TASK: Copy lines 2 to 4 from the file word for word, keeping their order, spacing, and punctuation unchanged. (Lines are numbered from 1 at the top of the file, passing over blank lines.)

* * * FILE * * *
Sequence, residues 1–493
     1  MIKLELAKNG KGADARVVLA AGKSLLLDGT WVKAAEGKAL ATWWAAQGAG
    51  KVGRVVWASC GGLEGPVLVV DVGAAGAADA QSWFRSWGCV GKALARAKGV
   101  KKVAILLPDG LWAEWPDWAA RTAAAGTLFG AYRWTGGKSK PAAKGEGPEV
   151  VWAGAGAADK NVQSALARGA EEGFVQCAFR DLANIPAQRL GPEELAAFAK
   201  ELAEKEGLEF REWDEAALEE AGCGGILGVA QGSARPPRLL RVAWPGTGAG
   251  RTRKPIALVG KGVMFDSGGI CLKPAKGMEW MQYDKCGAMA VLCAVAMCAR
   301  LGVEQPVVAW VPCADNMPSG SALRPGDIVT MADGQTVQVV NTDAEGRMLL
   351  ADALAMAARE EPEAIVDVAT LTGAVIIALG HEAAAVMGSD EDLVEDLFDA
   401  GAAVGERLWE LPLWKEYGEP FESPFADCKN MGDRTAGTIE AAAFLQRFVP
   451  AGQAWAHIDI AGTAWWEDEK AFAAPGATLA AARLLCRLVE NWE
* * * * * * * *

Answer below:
     1  MIKLELAKNG KGADARVVLA AGKSLLLDGT WVKAAEGKAL ATWWAAQGAG
    51  KVGRVVWASC GGLEGPVLVV DVGAAGAADA QSWFRSWGCV GKALARAKGV
   101  KKVAILLPDG LWAEWPDWAA RTAAAGTLFG AYRWTGGKSK PAAKGEGPEV